The PulseSensor works by translating reflected light into voltage, making it readable by both microcontrollers and analog voltmeters. Its baseline reading is 1.5 Volts when no finger is present. As a sensitive light sensor, you can observe needle movement by altering the light exposure on the sensor, like moving your hand back and forth over it.

Step 12: Operation Basics, Identifying the Pulse

Steady State at 1.5 Volts: Wait for the needle to stabilize around 1.5 Volts, indicating it's ready to read a pulse.

Placing a Finger: Put a fingertip over the sensor. The voltmeter will initially react strongly for 1-2 seconds as it recalibrates in real time, then settle back to around 1.5 V.

Observing the Pulse: Once stabilized, the needle will show the pulse rate in real-time.

Ensuring Reliable Readings: Maintain even pressure on the sensor for accuracy. Inform others, especially new users, that the real pulse signal stabilizes post-recalibration.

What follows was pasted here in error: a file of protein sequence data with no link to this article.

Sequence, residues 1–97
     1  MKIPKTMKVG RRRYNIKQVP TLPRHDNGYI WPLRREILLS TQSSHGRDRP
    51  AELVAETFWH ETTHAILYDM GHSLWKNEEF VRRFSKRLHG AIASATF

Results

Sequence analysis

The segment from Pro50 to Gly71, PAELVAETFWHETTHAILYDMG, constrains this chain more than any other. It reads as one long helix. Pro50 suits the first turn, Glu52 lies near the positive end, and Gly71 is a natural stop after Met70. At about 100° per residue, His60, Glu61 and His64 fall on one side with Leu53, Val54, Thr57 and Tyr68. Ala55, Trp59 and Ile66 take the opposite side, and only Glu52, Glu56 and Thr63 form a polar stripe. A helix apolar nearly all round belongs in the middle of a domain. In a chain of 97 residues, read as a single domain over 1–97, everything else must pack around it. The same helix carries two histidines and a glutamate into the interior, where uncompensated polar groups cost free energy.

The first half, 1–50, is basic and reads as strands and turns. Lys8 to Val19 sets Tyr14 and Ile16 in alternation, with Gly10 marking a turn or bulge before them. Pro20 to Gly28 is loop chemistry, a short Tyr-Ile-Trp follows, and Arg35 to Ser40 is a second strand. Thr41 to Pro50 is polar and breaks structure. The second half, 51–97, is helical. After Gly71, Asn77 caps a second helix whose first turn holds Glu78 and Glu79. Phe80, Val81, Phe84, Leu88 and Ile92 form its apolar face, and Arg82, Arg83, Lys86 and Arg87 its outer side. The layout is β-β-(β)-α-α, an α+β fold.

Step 13: Easily Calculate BPM

To calculate beats per minute (BPM) using a 15-second recording, you can use the following formula:

  1. Count the number of heartbeats (pulses) you detect in 15 seconds.
  2. Multiply this number by 4 to estimate the BPM.

Formula: BPM=Number of Beats in 15 seconds×4

BPM=Number of Beats in 15 seconds×4

This multiplication is necessary because there are 60 seconds in a minute, and you are measuring for only 15 seconds. So, multiplying by 4 scales your count to a full minute.

Step 14: Fruitful Future Directions for Biology and Life Science Students

Project: Measuring Resting, Active, and Controlled Heart Rates

Objective: Use the BPM formula to measure and compare resting, active, and controlled heart rates through deep breathing exercises.

Project Overview: Students will record their heart rates at rest, after light exercise, and following deep breathing exercises to understand the impact of physical and relaxation activities on the cardiovascular system.


  1. Understanding BPM Calculation: Review the BPM formula (BPM = Number of Beats in 15 seconds × 4) for converting short-term heart rate measurements to a per-minute rate.
  2. Resting Heart Rate Measurement: Students measure their heartbeat for 15 seconds while at rest and calculate their BPM. Record these rates for later comparison.